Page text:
The parent trigger bill hit the Senate floor Monday, and as expected, sparked some lively discussion.
Sen. Nancy Detert, R-Venice, set the tone by immediately withdrawing the eight amendments she had filed.
"My intention is, at this point, to not even attempt to fix this bill, I consider it so hopelessly bad," Detert said.
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Senators quashed three other amendments deemed "unfriendly" by Sen. Kelli Stargel, the bill's sponsor. But they approved an addition from Sen. David Simmons that would give local school boards the authority to deny parent requests to make dramatic changes at low-performing schools.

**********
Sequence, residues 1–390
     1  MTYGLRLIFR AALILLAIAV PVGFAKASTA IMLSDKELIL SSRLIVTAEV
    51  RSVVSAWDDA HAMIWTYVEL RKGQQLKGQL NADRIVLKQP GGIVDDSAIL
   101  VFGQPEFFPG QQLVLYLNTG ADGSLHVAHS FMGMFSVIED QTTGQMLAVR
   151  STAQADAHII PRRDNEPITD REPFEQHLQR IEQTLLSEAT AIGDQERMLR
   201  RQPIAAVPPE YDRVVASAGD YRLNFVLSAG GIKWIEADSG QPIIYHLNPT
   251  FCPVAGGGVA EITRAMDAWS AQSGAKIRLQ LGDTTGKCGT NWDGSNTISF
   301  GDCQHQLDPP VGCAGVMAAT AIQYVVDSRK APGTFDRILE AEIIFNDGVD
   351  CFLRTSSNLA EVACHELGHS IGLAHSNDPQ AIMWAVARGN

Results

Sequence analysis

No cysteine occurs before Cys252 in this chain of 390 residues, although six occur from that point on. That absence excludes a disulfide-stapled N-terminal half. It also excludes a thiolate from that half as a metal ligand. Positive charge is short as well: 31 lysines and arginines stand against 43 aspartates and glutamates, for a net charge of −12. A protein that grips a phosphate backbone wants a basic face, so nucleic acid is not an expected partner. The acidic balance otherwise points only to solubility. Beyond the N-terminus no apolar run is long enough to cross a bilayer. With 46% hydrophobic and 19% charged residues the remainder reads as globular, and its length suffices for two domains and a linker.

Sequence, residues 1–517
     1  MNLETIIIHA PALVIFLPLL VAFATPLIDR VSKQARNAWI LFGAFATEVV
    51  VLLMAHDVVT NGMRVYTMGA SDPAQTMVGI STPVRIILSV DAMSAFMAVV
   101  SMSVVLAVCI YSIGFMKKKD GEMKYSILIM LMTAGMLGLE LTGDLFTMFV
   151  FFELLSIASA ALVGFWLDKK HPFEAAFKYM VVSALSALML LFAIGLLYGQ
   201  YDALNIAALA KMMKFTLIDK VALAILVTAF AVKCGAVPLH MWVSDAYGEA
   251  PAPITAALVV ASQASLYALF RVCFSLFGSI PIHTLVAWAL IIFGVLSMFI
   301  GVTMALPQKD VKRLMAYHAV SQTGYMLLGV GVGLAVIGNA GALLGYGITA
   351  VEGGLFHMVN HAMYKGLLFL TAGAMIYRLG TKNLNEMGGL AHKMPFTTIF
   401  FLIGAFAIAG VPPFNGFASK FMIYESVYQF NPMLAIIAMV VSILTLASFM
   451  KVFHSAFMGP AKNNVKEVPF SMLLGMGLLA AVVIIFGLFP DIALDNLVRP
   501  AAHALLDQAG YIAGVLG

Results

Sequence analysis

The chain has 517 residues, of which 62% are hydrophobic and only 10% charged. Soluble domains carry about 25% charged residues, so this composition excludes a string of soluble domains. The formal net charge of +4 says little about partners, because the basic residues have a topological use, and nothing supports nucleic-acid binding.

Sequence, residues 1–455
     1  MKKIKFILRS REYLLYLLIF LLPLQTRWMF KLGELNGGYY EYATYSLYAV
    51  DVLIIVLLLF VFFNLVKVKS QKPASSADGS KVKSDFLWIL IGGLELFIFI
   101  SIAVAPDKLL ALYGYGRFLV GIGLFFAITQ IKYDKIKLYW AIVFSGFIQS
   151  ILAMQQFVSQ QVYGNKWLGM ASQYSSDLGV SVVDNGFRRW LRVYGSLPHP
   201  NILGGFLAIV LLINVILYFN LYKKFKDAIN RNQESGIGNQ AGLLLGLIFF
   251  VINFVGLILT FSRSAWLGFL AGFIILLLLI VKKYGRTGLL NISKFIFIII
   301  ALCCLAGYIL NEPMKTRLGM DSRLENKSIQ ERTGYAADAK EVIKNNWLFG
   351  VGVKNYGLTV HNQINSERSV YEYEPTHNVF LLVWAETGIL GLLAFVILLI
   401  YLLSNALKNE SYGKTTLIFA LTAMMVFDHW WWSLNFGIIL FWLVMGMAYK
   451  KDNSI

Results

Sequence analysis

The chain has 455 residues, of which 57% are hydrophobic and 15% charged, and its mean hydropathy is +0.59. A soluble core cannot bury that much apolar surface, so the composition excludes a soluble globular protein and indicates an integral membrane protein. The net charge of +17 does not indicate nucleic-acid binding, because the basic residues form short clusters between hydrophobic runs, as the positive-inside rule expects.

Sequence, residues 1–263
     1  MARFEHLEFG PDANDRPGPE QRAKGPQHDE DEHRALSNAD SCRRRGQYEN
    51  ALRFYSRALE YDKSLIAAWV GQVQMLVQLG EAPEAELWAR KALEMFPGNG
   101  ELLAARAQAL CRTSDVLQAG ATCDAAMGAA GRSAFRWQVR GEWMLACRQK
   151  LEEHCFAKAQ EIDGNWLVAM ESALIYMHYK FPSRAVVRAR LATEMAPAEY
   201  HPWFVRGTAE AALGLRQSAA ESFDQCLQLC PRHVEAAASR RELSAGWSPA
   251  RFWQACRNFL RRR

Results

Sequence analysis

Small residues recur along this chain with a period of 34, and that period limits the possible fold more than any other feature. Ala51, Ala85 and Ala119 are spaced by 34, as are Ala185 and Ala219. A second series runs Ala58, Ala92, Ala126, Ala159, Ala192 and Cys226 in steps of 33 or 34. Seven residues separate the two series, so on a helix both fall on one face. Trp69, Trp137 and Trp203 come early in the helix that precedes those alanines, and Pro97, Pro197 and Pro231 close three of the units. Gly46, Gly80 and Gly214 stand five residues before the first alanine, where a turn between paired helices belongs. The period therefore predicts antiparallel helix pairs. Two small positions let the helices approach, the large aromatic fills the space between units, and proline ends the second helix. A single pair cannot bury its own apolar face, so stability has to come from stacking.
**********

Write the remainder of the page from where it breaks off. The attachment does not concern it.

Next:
The language had already been approved by the Senate Education Appropriations Subcommittee. The upper chamber needed to add it again because senators took up the House version of the bill on Monday.
Last week, Stargel said she planned to remove the wording because it took too much power away from the parents. But doing so would have likely lost her several key votes, including Sens. Andy Gardiner and Jack Latvala.
"Sometimes with a controversial bill, you take the path of least resistance," Stargel said after Monday's floor session.
The weaker version of the bill will come up for a vote on Tuesday. "I feel confident that we'll be able to pass this bill," Stargel said.
If approved, it would have to go back to the House.